Many hybrid vehicles are implementing the use of regenerative braking systems – harnessing the kinetic energy generated by braking and then applying it to practical use, recharging the batteries. Toyota has been advertising this system as part of their “Ideas For Good” campaign, and GE plans to implement similar technologies in trains to harness the immense energy required to bring a locomotive to a stop.
On a smaller, but still useful, scale, a lab at M.I.T. has invented what they call “Biking 2.0.” They developed a bicycle with a small generator attached to the wheels that can also harness the rider’s braking power. The bike then stores the power for later so it can be used in bursts to power the bike. Essentially, you are generating the power for the bike yourself. Talk about alternative fuel! The inventors see as a fantastic way to get more people to ride, especially those who might not otherwise have been able to – like the elderly, or people who live too far away from their jobs to commute easily by bike. The Biking 2.0 system makes biking longer distances a more viable option. The bike’s sleek design is attractive but also cumbersome, and the developers are looking into ways to reduce the bikes mass in order to appease current trends of lightweight bicycles.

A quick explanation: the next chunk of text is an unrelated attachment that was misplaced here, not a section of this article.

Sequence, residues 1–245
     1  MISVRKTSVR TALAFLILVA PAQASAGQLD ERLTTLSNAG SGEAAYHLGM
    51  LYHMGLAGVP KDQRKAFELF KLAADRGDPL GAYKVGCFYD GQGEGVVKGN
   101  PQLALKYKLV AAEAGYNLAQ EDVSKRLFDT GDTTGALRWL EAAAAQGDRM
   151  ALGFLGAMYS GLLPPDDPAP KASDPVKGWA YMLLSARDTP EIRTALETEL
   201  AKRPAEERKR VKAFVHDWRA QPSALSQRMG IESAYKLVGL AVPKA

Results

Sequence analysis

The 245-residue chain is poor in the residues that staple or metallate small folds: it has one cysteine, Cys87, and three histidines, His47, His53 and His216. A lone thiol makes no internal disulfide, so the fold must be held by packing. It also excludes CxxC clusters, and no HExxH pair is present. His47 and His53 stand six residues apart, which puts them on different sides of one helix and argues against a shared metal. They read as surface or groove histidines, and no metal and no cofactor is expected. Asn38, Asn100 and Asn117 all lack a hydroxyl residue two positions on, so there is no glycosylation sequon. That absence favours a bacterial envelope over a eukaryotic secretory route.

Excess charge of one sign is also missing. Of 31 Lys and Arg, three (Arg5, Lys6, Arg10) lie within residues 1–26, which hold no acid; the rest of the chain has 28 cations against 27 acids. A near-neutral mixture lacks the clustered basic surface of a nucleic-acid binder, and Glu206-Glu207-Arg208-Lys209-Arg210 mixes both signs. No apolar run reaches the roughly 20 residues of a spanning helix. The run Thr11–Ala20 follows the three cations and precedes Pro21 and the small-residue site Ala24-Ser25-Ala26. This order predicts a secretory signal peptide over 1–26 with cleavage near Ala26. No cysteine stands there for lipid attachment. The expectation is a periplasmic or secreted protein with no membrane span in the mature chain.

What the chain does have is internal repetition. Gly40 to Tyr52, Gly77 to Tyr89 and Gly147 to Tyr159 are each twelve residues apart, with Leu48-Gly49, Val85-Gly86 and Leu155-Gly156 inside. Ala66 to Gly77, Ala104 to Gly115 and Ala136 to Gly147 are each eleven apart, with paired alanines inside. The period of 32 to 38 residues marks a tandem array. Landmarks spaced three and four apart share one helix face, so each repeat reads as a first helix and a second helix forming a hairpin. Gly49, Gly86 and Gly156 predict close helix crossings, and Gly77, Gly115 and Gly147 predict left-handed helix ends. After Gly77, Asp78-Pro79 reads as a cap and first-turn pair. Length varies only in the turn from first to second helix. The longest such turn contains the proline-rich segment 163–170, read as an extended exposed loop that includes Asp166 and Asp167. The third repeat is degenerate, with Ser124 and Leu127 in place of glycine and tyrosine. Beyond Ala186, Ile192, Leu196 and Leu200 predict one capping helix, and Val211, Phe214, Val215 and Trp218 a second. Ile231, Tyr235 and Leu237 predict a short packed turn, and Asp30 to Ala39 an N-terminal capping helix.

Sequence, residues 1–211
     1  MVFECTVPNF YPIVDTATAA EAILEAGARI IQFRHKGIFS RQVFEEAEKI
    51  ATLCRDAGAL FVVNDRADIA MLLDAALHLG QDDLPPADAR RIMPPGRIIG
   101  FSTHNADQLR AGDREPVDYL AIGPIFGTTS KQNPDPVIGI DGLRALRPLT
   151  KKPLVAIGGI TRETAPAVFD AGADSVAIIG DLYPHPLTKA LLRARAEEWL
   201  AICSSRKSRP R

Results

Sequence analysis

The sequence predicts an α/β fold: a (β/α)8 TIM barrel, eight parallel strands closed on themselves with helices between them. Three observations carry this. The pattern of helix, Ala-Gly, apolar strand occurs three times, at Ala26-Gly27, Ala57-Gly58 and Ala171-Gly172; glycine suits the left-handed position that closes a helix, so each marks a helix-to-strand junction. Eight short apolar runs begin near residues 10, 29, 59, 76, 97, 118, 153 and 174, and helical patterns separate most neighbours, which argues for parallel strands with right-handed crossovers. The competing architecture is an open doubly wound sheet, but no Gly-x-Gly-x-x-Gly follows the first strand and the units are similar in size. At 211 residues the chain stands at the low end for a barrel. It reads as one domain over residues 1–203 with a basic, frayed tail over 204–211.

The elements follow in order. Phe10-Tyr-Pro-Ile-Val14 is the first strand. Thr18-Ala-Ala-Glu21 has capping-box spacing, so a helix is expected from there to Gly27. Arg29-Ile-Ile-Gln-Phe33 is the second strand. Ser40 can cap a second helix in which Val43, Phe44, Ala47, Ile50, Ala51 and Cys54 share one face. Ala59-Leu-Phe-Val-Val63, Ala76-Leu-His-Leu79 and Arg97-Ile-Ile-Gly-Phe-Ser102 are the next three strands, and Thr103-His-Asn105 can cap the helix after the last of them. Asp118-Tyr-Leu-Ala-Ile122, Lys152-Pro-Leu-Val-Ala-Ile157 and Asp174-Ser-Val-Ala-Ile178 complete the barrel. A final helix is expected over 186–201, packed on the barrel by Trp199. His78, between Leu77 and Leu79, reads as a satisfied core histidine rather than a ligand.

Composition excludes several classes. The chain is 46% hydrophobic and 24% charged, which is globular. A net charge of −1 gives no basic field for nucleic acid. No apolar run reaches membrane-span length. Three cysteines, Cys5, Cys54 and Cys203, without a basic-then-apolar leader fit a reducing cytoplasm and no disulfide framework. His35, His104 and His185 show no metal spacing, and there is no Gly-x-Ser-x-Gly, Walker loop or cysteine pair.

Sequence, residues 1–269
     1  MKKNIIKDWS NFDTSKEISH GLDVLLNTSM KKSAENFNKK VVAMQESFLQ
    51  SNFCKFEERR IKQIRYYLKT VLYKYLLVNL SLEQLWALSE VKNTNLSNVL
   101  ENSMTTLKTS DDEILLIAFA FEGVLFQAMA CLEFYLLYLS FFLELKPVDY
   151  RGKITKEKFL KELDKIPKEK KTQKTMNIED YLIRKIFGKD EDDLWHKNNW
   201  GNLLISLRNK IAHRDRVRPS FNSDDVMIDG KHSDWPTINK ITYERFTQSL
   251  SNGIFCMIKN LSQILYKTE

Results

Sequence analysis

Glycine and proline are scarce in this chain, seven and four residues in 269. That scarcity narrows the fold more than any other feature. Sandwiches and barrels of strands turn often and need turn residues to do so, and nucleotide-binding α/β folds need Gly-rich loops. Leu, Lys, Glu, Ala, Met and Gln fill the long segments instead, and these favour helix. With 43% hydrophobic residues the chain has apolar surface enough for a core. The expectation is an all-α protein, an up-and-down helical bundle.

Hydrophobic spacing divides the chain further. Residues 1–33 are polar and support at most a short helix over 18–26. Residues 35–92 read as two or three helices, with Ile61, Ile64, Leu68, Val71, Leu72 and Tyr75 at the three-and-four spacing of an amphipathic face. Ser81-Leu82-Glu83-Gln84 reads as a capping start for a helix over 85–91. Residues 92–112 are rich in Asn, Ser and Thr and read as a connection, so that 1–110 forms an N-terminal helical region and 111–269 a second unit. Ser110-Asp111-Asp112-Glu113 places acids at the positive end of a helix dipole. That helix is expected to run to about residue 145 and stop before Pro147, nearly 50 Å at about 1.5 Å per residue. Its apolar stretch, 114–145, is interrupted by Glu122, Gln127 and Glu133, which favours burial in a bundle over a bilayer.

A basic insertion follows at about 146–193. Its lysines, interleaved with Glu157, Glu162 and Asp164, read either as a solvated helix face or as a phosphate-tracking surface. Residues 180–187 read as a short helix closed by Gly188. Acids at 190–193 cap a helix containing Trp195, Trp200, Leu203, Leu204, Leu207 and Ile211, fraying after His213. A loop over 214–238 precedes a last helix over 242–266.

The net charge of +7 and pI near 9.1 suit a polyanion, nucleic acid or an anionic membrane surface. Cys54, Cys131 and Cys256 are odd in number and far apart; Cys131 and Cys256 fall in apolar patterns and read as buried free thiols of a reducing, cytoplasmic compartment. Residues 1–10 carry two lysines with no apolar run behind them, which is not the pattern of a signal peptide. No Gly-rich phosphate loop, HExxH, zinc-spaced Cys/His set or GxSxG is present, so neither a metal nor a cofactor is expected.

While it’s doubtful that Biking 2.0 will replace the original bike, hopefully the technology behind it will continue to grow and improve. Harnessing braking power will continue to be used to generate extra power for hybrid cars, and as more modes of transportation make the shift to electric power it will become a more and more valuable technology. And for those who need the occasional boost, biking 2.0 is there for you.
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